The Other Victims
For every inmate on Death Row there is a mother, a wife, a sister, a son grieving in slow motion. They are the other victims.
BY BECCI ROBBINS
Margaret Abbott's son is on Death Row. She sees him for two hours once a week through a glass partition. Visiting days are bittersweet. Much as she misses her son, it is hard to see him like that, suspended in the strange netherworld between life and death. In many ways, she lives there with him.
Abbott's friend Della Martin is one of the few people who really understands what she is going through. Martin, not her real name, is also the mother of a Death Row inmate. Her son was arrested in 1991, and three years later was sentenced to die. Since then Martin has grown emotionally exhausted. "I wish God would come and take him away."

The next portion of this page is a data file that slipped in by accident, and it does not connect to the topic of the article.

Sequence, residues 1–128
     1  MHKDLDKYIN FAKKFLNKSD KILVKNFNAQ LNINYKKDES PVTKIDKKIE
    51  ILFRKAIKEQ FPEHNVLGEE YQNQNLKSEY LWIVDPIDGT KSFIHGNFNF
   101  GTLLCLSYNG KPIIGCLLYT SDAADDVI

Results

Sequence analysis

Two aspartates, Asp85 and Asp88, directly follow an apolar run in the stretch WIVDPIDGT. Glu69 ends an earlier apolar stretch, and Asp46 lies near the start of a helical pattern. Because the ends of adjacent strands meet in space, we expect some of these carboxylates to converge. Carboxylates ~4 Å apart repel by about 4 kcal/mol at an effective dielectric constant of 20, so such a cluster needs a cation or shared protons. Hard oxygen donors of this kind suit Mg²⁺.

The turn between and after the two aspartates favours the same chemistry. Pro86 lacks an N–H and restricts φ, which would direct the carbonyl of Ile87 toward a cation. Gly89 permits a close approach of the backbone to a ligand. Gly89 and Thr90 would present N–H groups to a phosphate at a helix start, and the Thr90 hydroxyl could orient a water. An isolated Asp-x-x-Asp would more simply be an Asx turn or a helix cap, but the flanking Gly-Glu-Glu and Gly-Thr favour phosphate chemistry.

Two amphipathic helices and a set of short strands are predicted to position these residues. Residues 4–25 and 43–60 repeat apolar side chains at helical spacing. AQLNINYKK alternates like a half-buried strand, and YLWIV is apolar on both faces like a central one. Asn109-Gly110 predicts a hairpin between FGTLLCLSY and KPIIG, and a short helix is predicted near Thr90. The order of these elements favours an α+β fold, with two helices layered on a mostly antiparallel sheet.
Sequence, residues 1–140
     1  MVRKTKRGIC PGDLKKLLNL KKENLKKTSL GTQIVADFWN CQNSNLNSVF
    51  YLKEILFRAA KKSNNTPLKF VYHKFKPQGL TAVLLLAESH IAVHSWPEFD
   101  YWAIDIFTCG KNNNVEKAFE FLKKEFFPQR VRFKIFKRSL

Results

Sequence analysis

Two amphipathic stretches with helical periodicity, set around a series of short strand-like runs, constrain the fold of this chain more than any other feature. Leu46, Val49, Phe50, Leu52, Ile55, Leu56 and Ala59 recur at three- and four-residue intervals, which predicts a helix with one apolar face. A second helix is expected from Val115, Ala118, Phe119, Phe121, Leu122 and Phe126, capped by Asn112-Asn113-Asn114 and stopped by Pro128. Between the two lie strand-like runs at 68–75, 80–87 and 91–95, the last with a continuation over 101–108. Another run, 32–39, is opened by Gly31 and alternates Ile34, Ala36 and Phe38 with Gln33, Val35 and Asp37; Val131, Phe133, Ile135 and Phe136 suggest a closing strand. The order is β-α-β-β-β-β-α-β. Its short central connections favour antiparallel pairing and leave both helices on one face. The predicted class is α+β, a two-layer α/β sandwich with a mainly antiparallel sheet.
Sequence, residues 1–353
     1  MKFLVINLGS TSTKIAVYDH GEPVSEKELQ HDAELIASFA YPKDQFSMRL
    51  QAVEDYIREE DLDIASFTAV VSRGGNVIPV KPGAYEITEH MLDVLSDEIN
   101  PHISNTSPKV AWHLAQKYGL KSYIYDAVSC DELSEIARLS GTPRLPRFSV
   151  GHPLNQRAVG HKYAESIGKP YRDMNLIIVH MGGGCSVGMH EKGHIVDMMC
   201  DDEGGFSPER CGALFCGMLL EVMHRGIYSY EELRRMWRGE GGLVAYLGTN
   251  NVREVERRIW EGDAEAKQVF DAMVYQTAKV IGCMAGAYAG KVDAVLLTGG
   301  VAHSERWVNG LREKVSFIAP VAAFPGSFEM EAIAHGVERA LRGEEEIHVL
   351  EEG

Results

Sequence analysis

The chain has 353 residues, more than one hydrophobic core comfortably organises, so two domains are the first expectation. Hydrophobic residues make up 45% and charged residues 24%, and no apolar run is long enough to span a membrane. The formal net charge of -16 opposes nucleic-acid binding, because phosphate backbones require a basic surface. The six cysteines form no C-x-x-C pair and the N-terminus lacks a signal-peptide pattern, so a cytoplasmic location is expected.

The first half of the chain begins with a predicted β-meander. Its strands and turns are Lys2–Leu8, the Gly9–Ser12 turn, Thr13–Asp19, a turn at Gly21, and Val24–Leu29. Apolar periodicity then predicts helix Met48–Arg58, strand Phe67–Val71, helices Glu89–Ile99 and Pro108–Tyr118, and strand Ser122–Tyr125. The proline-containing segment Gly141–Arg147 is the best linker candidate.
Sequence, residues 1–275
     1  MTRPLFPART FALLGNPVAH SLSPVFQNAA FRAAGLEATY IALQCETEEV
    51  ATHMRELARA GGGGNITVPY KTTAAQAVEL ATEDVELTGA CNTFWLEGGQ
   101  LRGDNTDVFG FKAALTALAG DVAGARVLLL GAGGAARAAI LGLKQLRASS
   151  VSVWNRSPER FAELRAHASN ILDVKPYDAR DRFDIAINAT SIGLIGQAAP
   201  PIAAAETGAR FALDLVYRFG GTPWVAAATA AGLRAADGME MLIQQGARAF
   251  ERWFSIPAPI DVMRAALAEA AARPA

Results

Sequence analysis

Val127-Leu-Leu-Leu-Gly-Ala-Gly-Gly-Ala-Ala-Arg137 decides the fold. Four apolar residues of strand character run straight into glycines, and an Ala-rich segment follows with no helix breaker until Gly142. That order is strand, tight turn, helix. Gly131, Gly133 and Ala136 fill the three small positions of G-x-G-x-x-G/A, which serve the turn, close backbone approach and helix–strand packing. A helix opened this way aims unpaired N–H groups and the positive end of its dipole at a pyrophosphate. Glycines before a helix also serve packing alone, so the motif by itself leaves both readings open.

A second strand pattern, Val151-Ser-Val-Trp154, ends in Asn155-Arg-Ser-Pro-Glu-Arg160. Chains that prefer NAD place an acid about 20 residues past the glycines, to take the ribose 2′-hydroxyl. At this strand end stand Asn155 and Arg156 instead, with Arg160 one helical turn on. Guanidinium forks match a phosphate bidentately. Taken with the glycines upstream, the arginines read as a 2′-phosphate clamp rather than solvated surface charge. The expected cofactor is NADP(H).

Abbott nods. "That way it would be over," she says. "We would have closure."
They could visit their sons' graves in peace with no guards, no bars, nobody watching. They could finally get off the freakish roller coaster they have been riding for nearly a decade. It has been, they say, a terrifying trip.
"What lots of people don't realize is that we become victims too," Abbott says. "I would give my own life to change what happened that night. My grandson lost a father. The victim, her son lost a mother. I cry when I think of the other side, too, because we all become victims."
The two friends, and Martin's 12-year-old granddaughter, are sharing the back booth at a Waffle House off I-20 in Columbia. They meet here each Thursday morning to carpool to the maximum security prison near Ridgeville, more than an hour away.